Ghislaine Maxwell’s First Day of Sex Trafficking Trial



A former long-time pilot of sex criminal Jeffrey Epstein was called as the first witness Monday at the federal criminal trial of British socialite Ghislaine Maxwell, who is accused of procuring underage girls to be sexually abused by Epstein years ago.

The pilot, Larry Visoski, flew Epstein’s Boeing 727 on multiple trips, according to Florida law enforcement files obtained by NBC News. Those records appear to show he was at the controls for several flights when Maxwell and others were on board.

Visoski was called to the witness stand in U.S. District Court in Manhattan by prosecutors after opening arguments in the case.

Earlier Monday, Business Insider reported that the Federal Aviation Administration inadvertently mailed the publication a portion of Epstein’s flight records related to 2,300 flights by four private jets registered to Epstein between 1998 and 2020. The FAA previously denied a public records request for those files.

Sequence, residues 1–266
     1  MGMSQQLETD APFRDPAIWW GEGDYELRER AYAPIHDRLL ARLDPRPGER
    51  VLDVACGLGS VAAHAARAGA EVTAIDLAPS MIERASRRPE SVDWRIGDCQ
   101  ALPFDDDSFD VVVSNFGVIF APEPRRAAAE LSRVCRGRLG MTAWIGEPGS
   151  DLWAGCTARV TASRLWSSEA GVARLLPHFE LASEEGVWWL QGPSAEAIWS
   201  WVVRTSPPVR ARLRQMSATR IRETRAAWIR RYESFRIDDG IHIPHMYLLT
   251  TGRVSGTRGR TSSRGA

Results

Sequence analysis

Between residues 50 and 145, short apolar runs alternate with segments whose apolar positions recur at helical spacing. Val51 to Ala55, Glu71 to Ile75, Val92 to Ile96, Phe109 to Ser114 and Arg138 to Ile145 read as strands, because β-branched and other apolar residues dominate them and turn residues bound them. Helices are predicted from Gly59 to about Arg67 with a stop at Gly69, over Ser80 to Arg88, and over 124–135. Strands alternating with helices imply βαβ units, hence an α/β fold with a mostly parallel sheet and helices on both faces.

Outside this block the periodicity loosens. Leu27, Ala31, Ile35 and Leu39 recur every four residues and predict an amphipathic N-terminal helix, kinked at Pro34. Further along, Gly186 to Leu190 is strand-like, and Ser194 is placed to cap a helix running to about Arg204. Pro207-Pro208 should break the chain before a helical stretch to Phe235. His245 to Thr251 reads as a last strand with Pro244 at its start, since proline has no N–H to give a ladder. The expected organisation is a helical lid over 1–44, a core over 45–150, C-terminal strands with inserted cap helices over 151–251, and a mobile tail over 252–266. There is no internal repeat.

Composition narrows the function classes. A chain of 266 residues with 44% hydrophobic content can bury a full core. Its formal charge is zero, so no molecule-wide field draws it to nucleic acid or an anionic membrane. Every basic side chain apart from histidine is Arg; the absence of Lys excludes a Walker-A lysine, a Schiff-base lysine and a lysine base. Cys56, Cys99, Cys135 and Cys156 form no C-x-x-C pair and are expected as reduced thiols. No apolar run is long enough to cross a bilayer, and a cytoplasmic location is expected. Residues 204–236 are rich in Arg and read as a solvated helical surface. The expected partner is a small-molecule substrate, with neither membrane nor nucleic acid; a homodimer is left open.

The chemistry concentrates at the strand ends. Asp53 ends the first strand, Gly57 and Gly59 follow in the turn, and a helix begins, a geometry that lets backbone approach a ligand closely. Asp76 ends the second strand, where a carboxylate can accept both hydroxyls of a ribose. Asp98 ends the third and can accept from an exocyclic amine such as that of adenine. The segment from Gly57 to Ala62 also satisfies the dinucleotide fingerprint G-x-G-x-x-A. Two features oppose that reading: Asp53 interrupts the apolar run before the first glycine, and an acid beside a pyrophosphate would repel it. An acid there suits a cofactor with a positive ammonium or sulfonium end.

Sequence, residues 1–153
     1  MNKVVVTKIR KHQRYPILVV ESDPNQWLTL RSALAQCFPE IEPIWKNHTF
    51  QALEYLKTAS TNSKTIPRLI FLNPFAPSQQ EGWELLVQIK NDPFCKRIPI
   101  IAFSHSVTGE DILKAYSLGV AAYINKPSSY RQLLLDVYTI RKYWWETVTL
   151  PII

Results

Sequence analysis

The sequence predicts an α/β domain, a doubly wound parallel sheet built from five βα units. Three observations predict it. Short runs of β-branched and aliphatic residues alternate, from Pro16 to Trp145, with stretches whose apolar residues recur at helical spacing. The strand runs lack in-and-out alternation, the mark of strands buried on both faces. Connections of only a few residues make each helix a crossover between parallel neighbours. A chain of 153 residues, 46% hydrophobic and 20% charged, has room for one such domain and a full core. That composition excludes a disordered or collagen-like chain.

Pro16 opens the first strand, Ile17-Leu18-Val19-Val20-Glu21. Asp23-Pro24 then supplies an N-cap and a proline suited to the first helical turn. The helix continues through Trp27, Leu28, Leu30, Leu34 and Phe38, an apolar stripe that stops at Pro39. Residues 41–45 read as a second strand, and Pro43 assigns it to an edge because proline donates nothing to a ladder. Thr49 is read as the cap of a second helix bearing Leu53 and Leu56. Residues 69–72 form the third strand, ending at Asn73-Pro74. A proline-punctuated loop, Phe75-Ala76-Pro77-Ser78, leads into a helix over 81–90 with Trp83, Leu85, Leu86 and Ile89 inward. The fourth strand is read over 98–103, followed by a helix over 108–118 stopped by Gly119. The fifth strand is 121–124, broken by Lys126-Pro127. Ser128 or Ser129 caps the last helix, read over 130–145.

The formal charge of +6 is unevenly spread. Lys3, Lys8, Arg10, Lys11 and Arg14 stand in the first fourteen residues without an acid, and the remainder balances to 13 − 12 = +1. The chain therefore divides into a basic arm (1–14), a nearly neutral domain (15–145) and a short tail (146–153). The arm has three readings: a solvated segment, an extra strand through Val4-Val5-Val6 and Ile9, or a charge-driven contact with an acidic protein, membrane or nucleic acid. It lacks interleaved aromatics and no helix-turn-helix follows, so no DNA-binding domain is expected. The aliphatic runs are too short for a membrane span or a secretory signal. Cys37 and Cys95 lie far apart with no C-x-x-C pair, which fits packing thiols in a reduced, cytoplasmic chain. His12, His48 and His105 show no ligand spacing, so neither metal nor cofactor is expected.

Maxwell’s federal trial comes almost 17 months after her arrest in New Hampshire. It starts more than two years after the 66-year-old Epstein killed himself in a Manhattan jail while awaiting his own trial on federal child sex trafficking charges.

Maxwell, who has been held without bail since her arrest, has pleaded not guilty in the case. She is charged with conspiracy to entice and coerce minors to travel to engage in illegal sex acts, sex trafficking and other charges.

“I have not committed any crime,” the 59-year-old said at a Nov. 1 court hearing.

The jury for the trial was seated Monday morning.

Eighteen jurors were picked for the case. Twelve of them will deliberate on a verdict; the six others will be alternates. Epstein, who was worth hundreds of millions of dollars, socialized along with Maxwell with high-profile people including former Presidents Donald Trump and Bill Clinton and Britain’s Prince Andrew before Epstein pleaded guilty to a sex crime involving a minor in Florida in 2008.

Maxwell’s trial is expected to last about six weeks.

This trial will deal only with the sex-related charges against Maxwell. She will be tried separately for perjury charges stemming from allegations that she lied under oath while being deposed in a civil lawsuit by an Epstein accuser.


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